Oversize Wheel and Tires – A Good Idea?
You see it all the time…either urban rides rolling on 24” or 26” wheels and low-profile tires, or 4 x 4 trucks on huge skins that allow enough ground clearance to get the differential and exhaust over obstacles. There are pros and cons to both of these ideas….and they’re mostly “cons.” Here’s a brief rundown:
· Larger wheels and tires are heavier. That means more rotating mass that has to be brought to a halt, and a compromise in braking performance, with more brake wear and longer stopping distances. On a truck, in particular, those big wheels tend to be much heavier can mean premature wear on suspension, steering and drivetrain parts. Premature wear on steering parts, in particular, will make wheel alignment difficult.
· Taller wheels will throw off speedometer readings, by making the speedometer read slower than your actual speed. In addition, they can throw off the algorithms of your ABS system and vehicle stability controls, both of which operate by monitoring the rotational speed of each wheel.
· Taller rims and tires can rub on the inside of wheel wells
· Heavier wheels and tires can add to the vehicle’s “unsprung weight,” meaning the weight that isn’t supported by the suspension. Adding to unsprung weight can put new stresses on steering and suspension components, all of which were designed around a set unsprung weight package that came with factory wheels and tires.
· Taller wheels changes the truck’s effective gear ratio, which will affect power, acceleration and fuel economy, and will change the transmission’s shift points. If you’re going to go with much larger tires on a truck, it’s a good idea to have the rear axle gears swapped to a lower gear ratio (which is numerically higher).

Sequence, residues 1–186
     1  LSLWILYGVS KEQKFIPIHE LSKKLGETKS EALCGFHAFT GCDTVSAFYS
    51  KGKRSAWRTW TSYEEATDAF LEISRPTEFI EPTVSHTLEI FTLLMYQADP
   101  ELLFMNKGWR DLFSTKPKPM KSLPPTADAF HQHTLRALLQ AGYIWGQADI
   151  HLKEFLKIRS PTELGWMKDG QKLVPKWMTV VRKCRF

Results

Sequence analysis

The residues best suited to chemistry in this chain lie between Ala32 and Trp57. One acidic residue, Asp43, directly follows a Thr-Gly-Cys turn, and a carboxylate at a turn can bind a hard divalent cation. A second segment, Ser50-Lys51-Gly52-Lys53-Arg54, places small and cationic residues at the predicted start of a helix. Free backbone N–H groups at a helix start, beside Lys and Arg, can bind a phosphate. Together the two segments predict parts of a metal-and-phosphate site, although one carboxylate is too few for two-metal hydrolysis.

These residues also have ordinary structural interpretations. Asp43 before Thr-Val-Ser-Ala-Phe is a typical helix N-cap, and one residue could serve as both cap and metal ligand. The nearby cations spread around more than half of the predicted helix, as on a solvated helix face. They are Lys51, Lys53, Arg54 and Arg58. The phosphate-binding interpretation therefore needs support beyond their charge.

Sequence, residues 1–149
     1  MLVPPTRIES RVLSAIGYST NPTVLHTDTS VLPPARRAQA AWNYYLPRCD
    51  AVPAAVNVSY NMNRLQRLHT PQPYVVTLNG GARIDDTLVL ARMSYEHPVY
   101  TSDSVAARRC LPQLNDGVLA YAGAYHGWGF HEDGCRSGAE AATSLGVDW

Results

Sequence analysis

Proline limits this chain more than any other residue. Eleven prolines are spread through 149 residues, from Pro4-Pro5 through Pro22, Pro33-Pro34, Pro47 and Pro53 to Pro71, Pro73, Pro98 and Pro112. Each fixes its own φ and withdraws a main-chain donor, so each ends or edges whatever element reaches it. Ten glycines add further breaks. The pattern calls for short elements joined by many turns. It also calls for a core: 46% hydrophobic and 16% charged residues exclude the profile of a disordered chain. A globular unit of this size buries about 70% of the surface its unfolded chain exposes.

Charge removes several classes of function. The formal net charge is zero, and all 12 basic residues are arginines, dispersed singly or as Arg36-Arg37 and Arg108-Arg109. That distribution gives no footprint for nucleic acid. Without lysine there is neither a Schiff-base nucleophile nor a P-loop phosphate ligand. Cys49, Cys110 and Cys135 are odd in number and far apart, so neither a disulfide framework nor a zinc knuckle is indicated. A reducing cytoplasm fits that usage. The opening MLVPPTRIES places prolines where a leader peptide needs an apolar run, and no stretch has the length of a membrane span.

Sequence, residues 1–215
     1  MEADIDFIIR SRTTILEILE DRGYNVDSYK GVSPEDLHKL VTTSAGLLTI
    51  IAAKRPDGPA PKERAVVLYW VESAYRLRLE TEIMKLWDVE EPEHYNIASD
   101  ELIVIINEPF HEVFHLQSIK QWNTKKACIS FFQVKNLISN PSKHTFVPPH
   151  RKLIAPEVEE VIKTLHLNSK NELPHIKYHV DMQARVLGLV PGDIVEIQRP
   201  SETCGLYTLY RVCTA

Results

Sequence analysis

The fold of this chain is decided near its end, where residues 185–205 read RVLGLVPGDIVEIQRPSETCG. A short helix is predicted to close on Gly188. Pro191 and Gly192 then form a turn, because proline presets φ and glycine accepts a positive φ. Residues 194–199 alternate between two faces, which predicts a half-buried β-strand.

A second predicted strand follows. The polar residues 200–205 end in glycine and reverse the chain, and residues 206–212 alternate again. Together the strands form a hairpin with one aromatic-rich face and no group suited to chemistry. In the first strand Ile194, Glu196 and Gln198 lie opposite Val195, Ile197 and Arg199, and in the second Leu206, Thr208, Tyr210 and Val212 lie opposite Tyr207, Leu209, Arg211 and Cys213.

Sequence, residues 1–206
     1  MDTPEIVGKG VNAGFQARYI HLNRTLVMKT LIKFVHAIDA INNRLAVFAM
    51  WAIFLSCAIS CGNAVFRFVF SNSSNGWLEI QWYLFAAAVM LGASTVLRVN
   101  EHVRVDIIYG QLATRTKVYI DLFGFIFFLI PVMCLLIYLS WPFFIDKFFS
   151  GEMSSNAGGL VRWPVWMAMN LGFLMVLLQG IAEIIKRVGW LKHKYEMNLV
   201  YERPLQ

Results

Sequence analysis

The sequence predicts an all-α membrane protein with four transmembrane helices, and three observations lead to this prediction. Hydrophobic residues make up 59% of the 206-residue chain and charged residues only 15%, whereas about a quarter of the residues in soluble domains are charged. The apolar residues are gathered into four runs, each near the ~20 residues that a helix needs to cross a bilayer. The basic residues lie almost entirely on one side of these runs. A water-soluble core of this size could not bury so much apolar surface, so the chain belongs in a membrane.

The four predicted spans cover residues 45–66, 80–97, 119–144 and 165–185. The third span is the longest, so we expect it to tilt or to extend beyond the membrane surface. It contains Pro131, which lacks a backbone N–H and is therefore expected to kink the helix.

· If you’ve got a car and you want to put 24” or 26” rims on it, remember that along with all the other drawbacks we’ve already noted, the low profile tires are going to have a much harsher ride. That’s not hard to figure out – their shorter sidewalls mean there’s less rubber to absorb the jolts and bumps in the road. It’s like the difference between sleeping on a nice mattress or rolling out a yoga mat and trying to sleep on it.
· Wider tires (not taller) can give some improvement in cornering ability, steering response and traction, if that’s what you’re after. Much wider tires, however, will mean increased rolling resistance and poorer fuel economy.
Here’s the upshot.
Your car’s transmission, drivetrain, brakes, suspension and steering were all designed with a specific size wheel and tire as a prime consideration. Any change to wheel and tire size will have an effect on braking, handling, ride quality, road manners, wheel alignment and other factors, and the more radical the change in size, the more it will necessitate a re-engineering of the vehicle’s suspension and drivetrain. If you’re really wanting to go with tall wheels for your urban ride or big oversize mudders for your truck, you might want to prepare yourself for other upgrades to really make that work (or get ready for a lot of headaches).
We hope that answers any questions you might have about oversize wheels and tires for your vehicle. If you’re thinking you want to go that way, or if you just need a set of stock OEM-size tires, give us a call at Chabill’s Tire & Auto Service, make an appointment and let’s see what we can do for you!